One for another.” It is no less obvious, on the other hand, that there are qualities which may be considered as peculiar to body. If we admit figures, colours, and odours for qualities, and such undoubtedly they are, we must admit, of course, that among animal bodies there is one figure to the serpent, another to the horse ; one colour to the swan, another to the parrot. Even in the vegetable race, the rose has one odour, the jessamine another; there is one figure to the orange, another to the fig.

It follows, therefore, that as qualities help to distinguish not only one soul from another soul, and one body from another body, but (in a more general view) every soul from every body, it follows (I say) that qualities, by having this common reference to both, are naturally divided into corporeal and incorporeal.

It was the judgment of Shakspeare to unite them in the character of Richard the Third, when he makes Buckingham relate in what manner he recommended him to the citizens of London:

Withal I did infer your lineaments,
Being the right idea of

your father, Both in your form, and nobleness of mind. Virgil does the same with respect to Æneas, when he makes his heroic virtue and his graceful person have so powerful an effect upon the unfortunate Dide:

Quis novus hic nostris successit sedibus hospes ?
Quam sese ore ferens, quam forti pectore et armis ?

Æn. iv, 10, 11. The qualities above mentioned admit of another division, and that is into natural and acquired. Thus, in the mind, docility may be called a natural quality; science, an acquired one: in the human body, beauty may be called a natural quality; gentility, an acquired one. This distinction descends even to bodies inanimate. To transmit objects' of vision is a quality natural to crystal; but to enlarge them, while transmitted, is a character adventitious. Even the same quality may be natural in one substance, as attraction in the magnet; and acquired in another, as the same attraction in the magnetic bar.

All the above qualities have not only their completion, but their capacity. Thus not only the grape when complete, (that

• Thus we translate the words εντελέ- μεν δυνάμει, τα δε ενεργεία. Δύναμις, χεια and δύναμις: sometimes we read τα “power," is seen in 6xn, “matter;" {v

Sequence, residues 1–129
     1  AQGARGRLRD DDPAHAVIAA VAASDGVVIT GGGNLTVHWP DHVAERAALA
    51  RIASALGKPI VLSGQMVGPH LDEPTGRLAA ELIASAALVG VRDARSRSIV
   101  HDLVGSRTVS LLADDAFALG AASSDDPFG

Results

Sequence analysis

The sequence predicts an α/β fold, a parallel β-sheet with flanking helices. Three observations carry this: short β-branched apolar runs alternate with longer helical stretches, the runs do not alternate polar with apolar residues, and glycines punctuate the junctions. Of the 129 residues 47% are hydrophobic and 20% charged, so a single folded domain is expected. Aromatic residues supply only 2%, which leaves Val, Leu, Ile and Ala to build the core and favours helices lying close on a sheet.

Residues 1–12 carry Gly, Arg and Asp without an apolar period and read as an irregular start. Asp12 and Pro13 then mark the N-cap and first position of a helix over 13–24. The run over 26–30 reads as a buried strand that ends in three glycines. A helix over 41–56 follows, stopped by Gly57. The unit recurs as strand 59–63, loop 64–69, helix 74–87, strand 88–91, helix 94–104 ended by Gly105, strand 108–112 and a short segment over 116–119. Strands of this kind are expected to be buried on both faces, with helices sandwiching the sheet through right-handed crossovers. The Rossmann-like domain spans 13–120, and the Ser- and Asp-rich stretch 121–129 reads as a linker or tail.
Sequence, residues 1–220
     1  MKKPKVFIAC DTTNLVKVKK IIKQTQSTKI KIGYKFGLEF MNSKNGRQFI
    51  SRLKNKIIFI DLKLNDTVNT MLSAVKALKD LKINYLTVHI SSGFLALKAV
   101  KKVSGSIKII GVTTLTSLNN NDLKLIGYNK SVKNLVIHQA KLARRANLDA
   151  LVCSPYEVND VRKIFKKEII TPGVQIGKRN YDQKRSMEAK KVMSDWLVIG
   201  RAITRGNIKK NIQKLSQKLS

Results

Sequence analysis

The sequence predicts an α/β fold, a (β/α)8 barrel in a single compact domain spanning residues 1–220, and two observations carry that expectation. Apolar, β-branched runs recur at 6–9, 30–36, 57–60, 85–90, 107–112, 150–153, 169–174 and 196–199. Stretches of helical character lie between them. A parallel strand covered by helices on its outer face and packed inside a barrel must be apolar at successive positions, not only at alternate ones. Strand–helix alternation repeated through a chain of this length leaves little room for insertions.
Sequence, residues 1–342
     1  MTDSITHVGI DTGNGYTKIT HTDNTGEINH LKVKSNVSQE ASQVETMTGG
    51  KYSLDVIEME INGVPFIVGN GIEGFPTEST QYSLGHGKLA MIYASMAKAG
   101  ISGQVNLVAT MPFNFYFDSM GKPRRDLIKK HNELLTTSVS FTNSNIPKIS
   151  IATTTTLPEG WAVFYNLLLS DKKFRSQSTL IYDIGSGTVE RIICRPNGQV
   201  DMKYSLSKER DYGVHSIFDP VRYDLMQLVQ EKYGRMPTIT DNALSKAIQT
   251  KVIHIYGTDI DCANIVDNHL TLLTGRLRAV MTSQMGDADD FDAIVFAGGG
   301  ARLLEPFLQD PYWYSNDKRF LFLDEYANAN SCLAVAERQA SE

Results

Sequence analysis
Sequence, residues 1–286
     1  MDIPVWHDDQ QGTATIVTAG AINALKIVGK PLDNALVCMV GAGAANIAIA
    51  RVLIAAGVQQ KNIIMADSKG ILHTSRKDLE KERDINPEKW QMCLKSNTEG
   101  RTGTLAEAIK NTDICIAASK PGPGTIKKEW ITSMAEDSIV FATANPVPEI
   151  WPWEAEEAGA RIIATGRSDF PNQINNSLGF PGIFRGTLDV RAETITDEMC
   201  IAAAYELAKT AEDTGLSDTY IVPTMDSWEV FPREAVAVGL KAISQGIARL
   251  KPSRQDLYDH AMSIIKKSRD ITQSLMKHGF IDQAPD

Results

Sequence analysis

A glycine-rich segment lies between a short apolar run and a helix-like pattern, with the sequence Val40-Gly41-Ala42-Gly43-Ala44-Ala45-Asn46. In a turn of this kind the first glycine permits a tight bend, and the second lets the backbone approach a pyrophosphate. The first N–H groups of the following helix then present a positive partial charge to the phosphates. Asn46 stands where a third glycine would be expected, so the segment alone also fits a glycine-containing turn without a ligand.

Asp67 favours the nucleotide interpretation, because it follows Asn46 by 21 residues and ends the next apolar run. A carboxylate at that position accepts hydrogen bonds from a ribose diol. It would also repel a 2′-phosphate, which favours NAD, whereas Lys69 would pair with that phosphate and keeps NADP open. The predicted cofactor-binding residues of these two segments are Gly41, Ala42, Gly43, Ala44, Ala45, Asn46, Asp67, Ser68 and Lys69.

is to say, when mature,) possesses a delicious flavour; but there is a capacity also to produce it, residing in a simple grape-stone. Even in artificial substances there are in like manner capacities. A grain of gunpowder has the capacity of explosion; a musical instrument, that of rendering harmony. If, leaving these artificial and vegetative substances, we go still higher, we shall in animals find capacities, commonly known by the name of instincts; to which the frame of every species is peculiarly accommodated, and which frame such instincts internally actuate.

Dente lupus, cornu taurus petit; unde nisi intus
Monstratum ?

Horat. Sat. i. 1. 52. In man there is a capacity to science and virtue ; and well would it be for him, if not also to their contraries. Yet such is our nature, such the peculiar character of the reasoning faculty, belonging to us as men; it is capable of either direction, and may be employed, like the same weapon, as well to evil as to good.

Nor are there such qualities only as capacities, but there is a contrary and negative sort, which may be called incapacities ;" and these also of different kinds, some for better, some for worse ; so that where the capacities do honour, there the incapacities debase; where the capacities debase, there their opposites do honour. Thus to the power of being taught, an honourable capacity, is opposed the incapacity of being taught, a debasing one; and hence is man distinguished from an insect, and the one called docile, the other indocile. Again, to the power of dying, a debasing capacity, is opposed the inability of dying, a superior one; and thus are superior beings called immortal in the way of excellence, whilst man is called mortal, with a view to subordination.

The transition from qualities of capacity to those of completion, is sometimes immediate, sometimes through a medium. Thus in a grain of gunpowder, the transition from the power of exploding, to actual explosion, is immediate; so from the power τελέχεια, , “completion,” in eloos, “ form.” And why this ?--because they are both The division above mentioned into corpo- founded in reason; and it is the same reason, real and incorporeal is taken from Ploti- in all instances, which shews us the thing, nus, as we learn from Simplicius, in Præd. and shews us also its privation : 8 de Abyos P. 69. B.

και αυτός δηλοί το πράγμα, και την στέρηΕπαμφοτερίζει πάσα ή λογοειδής [δύ- ow. Arist. Metaph. ix. 2. p. 143. edit. youis:]“ Every power of the rational kind Sylb. See also pages 147, 153, of the same has a capacity either way, that is, a double work. capacity.” Ammon. in Præd. p. 127. Al Δυνάμεις, αδυναμίαι. Αrist. Pred. p. μεν ούν μετά λόγου δυνάμεις, αι αυται 41. edit. Sylb. πλειόνων και των εναντίων: “The powers * Sappho, the celebrated poetess, has a that are connected with the reasoning fa- singular sentiment upon this subject : td culty, are the same with respect to various αποθνήσκειν κακόν οι θεοί γάρ ούτω κεκρίand contrary operations.” Aristot. de In- κασιν απεθνήσκον γαρ άν: « Το die, is an terpr. p. 75. edit. Sylb.

evil; the gods have so determined it, or It is thus medicine, as an art, can cause else they would die themselves." Arist, sickness as well as health ; music, as an Rhet. 1. ii. c. 22. 8. 27. art, can cause discord as well as harmony.